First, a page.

A word of caution: your slush fund is freed from any responsibility, but the flip side of that is that you will naturally become undisciplined with it. Whenever possible, if you know you will spend a certain amount of slush on a certain category, you should make a budget line for it in one of the previous steps. You want a giant savings account, not a giant slush account.

Step Eight: One-offs

One-offs come out of your slush fund. It’s that simple. Want to buy a new gaming PC? Check your slush fund. Is your slush fund balance big enough to cover it? Then it’s yours. Not so much? Then live with a lower framerate.

As one-offs are slush spending, the same rules apply. If at all possible, you should create budgets for one-off purchases and save towards them that way. Treat them as another savings goal. If you fly home for Christmas, and you know it will cost $500, budget savings towards that just like you would any other recurring expense.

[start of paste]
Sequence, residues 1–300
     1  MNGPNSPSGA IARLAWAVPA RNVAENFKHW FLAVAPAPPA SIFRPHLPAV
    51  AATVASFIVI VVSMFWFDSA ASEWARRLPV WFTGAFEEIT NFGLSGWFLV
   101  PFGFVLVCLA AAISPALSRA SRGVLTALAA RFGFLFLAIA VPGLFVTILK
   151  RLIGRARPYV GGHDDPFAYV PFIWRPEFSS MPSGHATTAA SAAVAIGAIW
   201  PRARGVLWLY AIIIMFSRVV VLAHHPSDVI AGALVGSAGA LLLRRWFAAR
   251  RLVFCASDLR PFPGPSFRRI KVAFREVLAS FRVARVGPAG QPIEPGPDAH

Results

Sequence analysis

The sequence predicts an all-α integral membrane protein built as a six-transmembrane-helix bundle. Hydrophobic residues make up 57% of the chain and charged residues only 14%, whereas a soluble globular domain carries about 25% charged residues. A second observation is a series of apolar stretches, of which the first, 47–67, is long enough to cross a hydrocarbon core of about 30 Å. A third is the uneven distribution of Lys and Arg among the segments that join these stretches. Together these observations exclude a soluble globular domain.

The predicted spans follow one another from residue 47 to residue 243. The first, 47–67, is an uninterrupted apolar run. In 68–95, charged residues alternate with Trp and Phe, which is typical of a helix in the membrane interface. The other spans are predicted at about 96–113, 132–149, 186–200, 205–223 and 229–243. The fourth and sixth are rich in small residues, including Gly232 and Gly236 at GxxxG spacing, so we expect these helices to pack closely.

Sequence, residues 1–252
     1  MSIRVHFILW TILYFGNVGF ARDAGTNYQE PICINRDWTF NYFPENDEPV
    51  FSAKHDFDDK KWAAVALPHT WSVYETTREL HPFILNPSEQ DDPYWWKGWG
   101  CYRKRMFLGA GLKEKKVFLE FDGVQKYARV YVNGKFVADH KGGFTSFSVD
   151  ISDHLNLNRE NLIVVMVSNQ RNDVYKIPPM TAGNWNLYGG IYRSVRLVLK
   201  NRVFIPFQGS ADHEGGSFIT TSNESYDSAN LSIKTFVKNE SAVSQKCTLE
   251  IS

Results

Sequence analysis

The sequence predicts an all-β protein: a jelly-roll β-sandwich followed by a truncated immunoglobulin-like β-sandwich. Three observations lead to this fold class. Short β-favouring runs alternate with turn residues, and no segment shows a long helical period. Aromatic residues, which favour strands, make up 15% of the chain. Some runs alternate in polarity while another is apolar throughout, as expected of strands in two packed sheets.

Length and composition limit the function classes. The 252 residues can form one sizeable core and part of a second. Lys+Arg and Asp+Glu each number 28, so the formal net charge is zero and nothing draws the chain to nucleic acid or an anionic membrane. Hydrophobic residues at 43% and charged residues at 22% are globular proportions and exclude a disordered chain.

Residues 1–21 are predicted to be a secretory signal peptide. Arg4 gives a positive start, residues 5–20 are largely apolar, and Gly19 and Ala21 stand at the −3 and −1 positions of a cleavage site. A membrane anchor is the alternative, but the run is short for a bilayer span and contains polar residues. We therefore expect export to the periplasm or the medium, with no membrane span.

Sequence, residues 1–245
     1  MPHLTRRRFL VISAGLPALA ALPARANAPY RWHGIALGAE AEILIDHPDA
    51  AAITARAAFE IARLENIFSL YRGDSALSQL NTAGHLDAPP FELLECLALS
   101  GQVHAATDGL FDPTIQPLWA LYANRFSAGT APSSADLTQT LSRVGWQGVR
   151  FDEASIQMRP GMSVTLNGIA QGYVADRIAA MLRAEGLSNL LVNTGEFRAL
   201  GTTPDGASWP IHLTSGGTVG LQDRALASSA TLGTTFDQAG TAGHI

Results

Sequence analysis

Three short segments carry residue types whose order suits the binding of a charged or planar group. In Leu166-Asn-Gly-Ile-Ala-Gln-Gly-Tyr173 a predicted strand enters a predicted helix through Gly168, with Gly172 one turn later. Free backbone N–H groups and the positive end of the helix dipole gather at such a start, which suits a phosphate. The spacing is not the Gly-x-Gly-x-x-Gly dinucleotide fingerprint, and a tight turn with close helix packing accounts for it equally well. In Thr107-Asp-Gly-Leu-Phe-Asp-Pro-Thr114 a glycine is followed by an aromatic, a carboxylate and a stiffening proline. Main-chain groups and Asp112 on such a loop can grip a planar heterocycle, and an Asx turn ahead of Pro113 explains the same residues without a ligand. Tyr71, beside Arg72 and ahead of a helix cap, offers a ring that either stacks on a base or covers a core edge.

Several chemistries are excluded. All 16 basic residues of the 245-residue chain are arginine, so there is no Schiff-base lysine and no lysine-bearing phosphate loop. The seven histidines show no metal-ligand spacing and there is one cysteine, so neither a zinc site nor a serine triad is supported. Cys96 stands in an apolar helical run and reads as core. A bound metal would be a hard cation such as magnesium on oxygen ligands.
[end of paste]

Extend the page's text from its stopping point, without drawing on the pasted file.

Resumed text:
That’s a lot to take in, but that’s my budgeting strategy. Ultimately, no budget can help you if you spend more than you make. But a good budget can help make it easier to spend less. If you follow the above, you should have a very good idea of where your money goes. Once you know where it goes, you’re in a position to judge which things you can cut.

If you suffer from anxiety around your finances, these steps should also help you. By carefully protecting the critical parts of your finance, you gain the peace of mind that they will always be ok. By defining some of your income explicitly as discretionary, you no longer have to feel guilty about spending that money. And by making specific budgets for savings goals, the process becomes automatic. You don’t even have to think about it, and one, two, five years later, you will have a good nest egg.